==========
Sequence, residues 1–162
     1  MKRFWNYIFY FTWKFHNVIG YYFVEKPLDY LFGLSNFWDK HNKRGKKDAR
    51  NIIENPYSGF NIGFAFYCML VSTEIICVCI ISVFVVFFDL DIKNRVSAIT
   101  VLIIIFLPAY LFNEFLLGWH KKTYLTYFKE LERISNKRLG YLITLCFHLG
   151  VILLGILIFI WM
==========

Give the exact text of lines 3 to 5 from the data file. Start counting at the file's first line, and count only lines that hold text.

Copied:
    51  NIIENPYSGF NIGFAFYCML VSTEIICVCI ISVFVVFFDL DIKNRVSAIT
   101  VLIIIFLPAY LFNEFLLGWH KKTYLTYFKE LERISNKRLG YLITLCFHLG
   151  VILLGILIFI WM